City surveys 2,300 businesses for ideas, input
October 16, 2012
By Warren Kagarise
Issaquah leaders put a question to business owners in recent days: How can we help you?
Citywide, all 2,300 businesses started to receive surveys from the economic development team at City Hall last week. The effort is designed to help officials understand business leaders’ concerns and needs.
The data collected from survey responses could influence future decisions related to business regulations, incentives and more.
Not long after joining the staff at City Hall earlier this year, Economic Development Manager Andrea Lehner gathered anecdotal information from business owners from meetings and visits, but, through the process, started to crave more empirical information.
“I’ve been talking with lots of different business owners that have a variety of concerns or have had a history of issues,” she said. “A lot of things have come to my attention, but it’s hard for me to really get an idea of what exactly are the most pressing needs that we should be focusing on.”
On the Web
Issaquah business owners can complete a survey from the city’s economic development team at www.ci.issaquah.wa.us/bizsurvey. The deadline to submit responses is Oct. 26.
The survey seemed like the next logical step for the economic development team. Respondents can complete and mail the survey, or submit responses online.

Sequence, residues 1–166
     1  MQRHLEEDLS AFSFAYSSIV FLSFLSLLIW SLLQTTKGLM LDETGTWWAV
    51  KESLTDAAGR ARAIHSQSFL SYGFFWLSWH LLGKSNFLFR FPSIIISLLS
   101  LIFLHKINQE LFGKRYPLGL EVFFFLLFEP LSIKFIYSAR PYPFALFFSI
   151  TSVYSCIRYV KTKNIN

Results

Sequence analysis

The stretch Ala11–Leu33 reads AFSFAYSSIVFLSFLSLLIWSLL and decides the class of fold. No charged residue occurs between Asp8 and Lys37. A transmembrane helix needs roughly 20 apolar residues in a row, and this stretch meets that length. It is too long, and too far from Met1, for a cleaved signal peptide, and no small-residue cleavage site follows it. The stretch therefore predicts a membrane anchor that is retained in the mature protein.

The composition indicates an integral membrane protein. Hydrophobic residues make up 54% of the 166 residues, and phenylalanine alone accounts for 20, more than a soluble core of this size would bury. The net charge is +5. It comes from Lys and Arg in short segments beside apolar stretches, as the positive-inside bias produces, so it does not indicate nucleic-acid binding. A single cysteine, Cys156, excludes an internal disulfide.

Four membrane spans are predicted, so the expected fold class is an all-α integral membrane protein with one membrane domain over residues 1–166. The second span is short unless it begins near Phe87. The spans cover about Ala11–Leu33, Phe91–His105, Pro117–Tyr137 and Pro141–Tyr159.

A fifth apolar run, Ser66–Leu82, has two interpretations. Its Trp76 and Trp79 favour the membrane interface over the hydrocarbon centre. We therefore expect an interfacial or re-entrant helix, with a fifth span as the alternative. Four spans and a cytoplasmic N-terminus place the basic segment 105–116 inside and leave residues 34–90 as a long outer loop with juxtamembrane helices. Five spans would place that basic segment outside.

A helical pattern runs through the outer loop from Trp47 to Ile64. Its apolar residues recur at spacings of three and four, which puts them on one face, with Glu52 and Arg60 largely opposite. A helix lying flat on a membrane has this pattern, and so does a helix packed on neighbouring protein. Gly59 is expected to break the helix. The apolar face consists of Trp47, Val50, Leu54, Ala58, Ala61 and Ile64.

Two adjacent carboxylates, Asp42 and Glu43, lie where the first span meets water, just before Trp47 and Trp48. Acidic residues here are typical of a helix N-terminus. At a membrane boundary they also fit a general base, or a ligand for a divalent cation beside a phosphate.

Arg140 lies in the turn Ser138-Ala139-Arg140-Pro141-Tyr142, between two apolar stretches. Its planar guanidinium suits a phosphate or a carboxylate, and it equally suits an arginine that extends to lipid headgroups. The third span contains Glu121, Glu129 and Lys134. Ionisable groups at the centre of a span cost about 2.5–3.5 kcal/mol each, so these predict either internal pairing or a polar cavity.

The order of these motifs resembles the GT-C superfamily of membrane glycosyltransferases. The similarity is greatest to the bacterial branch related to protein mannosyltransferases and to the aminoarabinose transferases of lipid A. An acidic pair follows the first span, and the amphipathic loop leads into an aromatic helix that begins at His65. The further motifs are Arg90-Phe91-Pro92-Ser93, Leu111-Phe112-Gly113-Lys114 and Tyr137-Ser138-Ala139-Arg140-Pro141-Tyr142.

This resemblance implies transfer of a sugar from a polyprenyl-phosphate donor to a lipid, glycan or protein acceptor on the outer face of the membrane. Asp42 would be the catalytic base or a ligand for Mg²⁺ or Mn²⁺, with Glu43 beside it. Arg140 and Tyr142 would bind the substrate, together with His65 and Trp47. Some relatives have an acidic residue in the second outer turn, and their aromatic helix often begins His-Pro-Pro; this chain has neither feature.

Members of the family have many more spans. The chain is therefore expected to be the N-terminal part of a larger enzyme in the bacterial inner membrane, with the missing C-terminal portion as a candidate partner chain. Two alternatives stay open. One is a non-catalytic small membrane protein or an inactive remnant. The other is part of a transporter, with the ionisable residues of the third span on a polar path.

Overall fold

The economic development team also identified 70 businesses for face-to-face interviews. The lineup includes large employers, such as big-box retailer Fred Meyer and apparel company SanMar, small businesses and nonprofit organizations.
“One thing that I do when I go in and talk to a business is finding out, OK, what are the specific, immediate concerns that we can address right now?” Lehner said. “With the survey effort, we’re also going to be able to discover, what are the policy issues that probably are going to take a little bit longer to sweep out and find good solutions to.”
The team plans to compile the survey results into a report to guide future policy decisions.
City leaders laid the foundation a year ago for a more muscular economic development program to retain and attract businesses. The survey effort is in part focused on smoothing the interaction between local businesses and municipal government.
“Just as businesses adapt to meet the needs of their clients, the city is enhancing its services for our customers — Issaquah’s business community,” Economic Development Director Keith Niven said. “While we have lots of ideas, we need to hear what is most important to our businesses first. This survey process is a great start.”